Spotlight: IU East School of Business and Economics offers students access to high tech gear

December 8, 2016 |

On-the-cutting-edge creativity happens with regularity in Room 127 at Hayes Hall.


IU East freshman Kyndall Williams shows the high-tech gear available to students in the School of Business and Economics. Williams is a criminal justice major.

So do friendly chit-chats, what-if conversations and technological discussions where it’s always possible a patent-worthy idea will be conceived.

Visitors to Room 127 can take test runs on some of the most advanced technological equipment in the world of 3D and virtual reality.

They are welcome to try a second-generation Oculus Rift, a new HoloLens or use a 3D printer.

Visitors can test their postures and stress levels with a Darma smart cushion or wear a motion-control Myo armband that allows the touch-free use of items such as a phone or computer.

Students can take part in a Stock Market Simulation that tracks students’ stock picks over 10 weeks – with a (virtual) investment of $100,000 and the availability of a loan in that amount. They pay trader fees and interest on the loans.


Kyndall Williams demonstrates a HoloLens.

The large and active room is the office of instructor Tim Scales in the School of Business and Economics. His official IU East role is to teach entrepreneurship.

But his true “business” is providing inspiration and mentorship. It’s pushing the envelope to point students on the path toward personal success.

The high-tech items “get the conversations started about great ideas,” Scales said, noting that the Oculus started in a garage. “You don’t really know where you can take things.”

Senior Ty Butler agrees about the creative aspects of the on-the-edge items.

“It’s definitely useful. Whenever you can use what isn’t available to the public, it puts you ahead of the game,” Butler said.

Butler will graduate next spring with a degree in communications. He aims to pursue a job in social media in Florida.

Making creative and new items available is important for IU East and its future, said Robert Mulligan, the dean of the School of Business and Economics.

“Tech does a lot to excite students,” he said. “It keeps them engaged in their studies.”

Scales’ office is open to students from all departments and disciplines. It’s open to police cadets and political scientists, to math and marketing majors, to nursing and education students.

They all are welcome to relax on a long, comfy couch. Near the door, a 3D printer makes a constant click-click as it turns thin wires of plastic into something mundane or fascinating. On a recent fall afternoon, it was producing a toy elephant that was designed by a student at IU East.

Scales is focused heavily on creative ideas and product development. “The students create it, get it where they want it,” he said. “They own it. They can patent it.”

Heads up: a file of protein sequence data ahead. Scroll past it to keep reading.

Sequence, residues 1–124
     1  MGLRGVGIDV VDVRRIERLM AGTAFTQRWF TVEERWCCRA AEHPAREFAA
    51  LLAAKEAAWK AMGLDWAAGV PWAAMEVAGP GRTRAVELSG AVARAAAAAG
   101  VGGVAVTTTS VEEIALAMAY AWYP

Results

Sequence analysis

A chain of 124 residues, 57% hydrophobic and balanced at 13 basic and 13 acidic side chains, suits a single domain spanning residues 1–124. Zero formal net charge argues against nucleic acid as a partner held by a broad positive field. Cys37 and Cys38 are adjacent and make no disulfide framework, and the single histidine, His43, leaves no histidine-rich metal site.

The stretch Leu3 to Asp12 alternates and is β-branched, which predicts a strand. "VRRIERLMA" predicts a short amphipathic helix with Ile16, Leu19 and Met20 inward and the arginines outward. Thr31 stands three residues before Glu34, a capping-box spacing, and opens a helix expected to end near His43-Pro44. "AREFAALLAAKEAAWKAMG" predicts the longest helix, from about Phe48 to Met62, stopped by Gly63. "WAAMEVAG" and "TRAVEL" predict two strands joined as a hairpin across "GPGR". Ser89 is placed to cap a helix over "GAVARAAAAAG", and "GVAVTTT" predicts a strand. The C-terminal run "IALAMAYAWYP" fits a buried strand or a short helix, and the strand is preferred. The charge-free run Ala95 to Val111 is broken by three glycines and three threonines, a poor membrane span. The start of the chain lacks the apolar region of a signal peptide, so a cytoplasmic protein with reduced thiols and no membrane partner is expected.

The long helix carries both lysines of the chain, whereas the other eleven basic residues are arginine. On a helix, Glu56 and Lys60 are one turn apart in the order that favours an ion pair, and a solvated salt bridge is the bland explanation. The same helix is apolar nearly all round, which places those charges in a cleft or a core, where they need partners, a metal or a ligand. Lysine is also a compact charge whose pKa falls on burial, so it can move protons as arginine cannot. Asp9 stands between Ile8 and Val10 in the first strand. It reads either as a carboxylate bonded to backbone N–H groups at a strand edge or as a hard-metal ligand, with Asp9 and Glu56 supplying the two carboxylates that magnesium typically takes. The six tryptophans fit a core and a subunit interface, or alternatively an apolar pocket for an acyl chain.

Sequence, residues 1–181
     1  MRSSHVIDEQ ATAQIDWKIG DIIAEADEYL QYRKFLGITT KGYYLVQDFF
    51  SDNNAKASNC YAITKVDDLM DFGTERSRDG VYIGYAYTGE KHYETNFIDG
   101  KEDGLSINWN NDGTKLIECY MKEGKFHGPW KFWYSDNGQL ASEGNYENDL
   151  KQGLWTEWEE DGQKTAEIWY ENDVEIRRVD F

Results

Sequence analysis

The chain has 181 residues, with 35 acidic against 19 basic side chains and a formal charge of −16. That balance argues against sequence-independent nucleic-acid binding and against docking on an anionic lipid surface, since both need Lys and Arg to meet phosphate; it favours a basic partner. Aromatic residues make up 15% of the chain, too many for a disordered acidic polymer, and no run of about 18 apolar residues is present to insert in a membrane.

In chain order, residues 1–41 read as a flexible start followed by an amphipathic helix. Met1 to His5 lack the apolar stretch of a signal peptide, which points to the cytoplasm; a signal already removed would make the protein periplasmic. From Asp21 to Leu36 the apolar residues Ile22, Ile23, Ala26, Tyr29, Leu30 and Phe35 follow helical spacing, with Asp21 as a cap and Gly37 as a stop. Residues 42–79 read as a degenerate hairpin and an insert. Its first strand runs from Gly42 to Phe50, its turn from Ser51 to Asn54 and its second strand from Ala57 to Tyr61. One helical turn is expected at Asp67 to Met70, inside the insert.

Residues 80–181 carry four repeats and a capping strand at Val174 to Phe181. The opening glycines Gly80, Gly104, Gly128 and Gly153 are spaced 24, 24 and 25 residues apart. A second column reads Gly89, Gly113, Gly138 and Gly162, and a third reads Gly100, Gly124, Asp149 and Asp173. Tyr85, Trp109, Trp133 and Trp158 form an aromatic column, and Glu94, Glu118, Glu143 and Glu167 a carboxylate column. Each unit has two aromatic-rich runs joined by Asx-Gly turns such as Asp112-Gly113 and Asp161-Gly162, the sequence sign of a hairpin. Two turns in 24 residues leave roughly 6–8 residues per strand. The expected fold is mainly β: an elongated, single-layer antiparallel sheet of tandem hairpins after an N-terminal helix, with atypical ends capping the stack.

The ultimate result of that: “We can have students graduating who are making more money than most of us in our careers,” Scales said.

He said one student recently applied for a patent on a cellphone app. “I am excited to see where that goes,” Scales said.

Perched on a cabinet near the front of the room is a second-generation Oculus rift. Visitors can put on the space-age facemask and be immersed in virtual reality. They can walk around campus and see things in entirely new dimensions.

Butler has experimented with Oculus and the 3D printer. “He asked me to come in and play with them,” Butler said about Scales. “It really helps to have a professor you can relax with, but also be serious with.”

The open-use concept is natural for Scales and the school, but far from usual at other universities – big or small. Most schools the size of IU East don’t gain access to high-tech equipment.

“It’s very unique to have people walk into a room and be able to use these,” Mulligan said. “Most schools lock them up because they don’t want anyone to break them.”

That wouldn’t do students or the school any good, Scales said. “I’d rather one get broken than never use it.”

IU East has three 3D printers, Mulligan said. One is used in Information Technology and the other by the Art Department to create such items as ceramic jewelry and art pieces.

Mulligan said the applications are growing and constantly creating new markets. For example, he said, the classic car industry uses printer programs to produce parts that previously were hard (and expensive) to find.

“You can have a virtual inventory,” Mulligan said, thereby cutting down on materials and costs.

Virtual-reality products can be used to “walk” through a house that a buyer is considering. In that realm, they can be used in architecture and interior design.

“What’s so great about this technology is we know there will be applications that they weren’t intended for,” Mulligan said.

Butler said he’s impressed by the availability of the high-tech items at IU East.

“Being a small campus like we are, that’s a nice surprise.”

It’s no surprise to the student from the Evansville area, though, that students have much to gain in creative ways. “It opens new doors … and offers solutions that you never thought of,” Butler said. “It only helps out.”

It only helps for IU East in attracting new students.

Butler said he was headed for IUPUI before being asked by coach Kyle Wright to come and hit with the tennis team at IU East. Butler immediately hit it off with teammates.

“I literally didn’t know anyone coming here, but I felt part of a family already with the tennis team,” he said.

He came to love the small class sizes and the “ease of getting ahold of teachers and resources,” Butler said.

Those resources include having access to high-tech equipment that probably wasn’t possible at another university. In retrospect, he said, “Coming to IU East was a no-brainer.”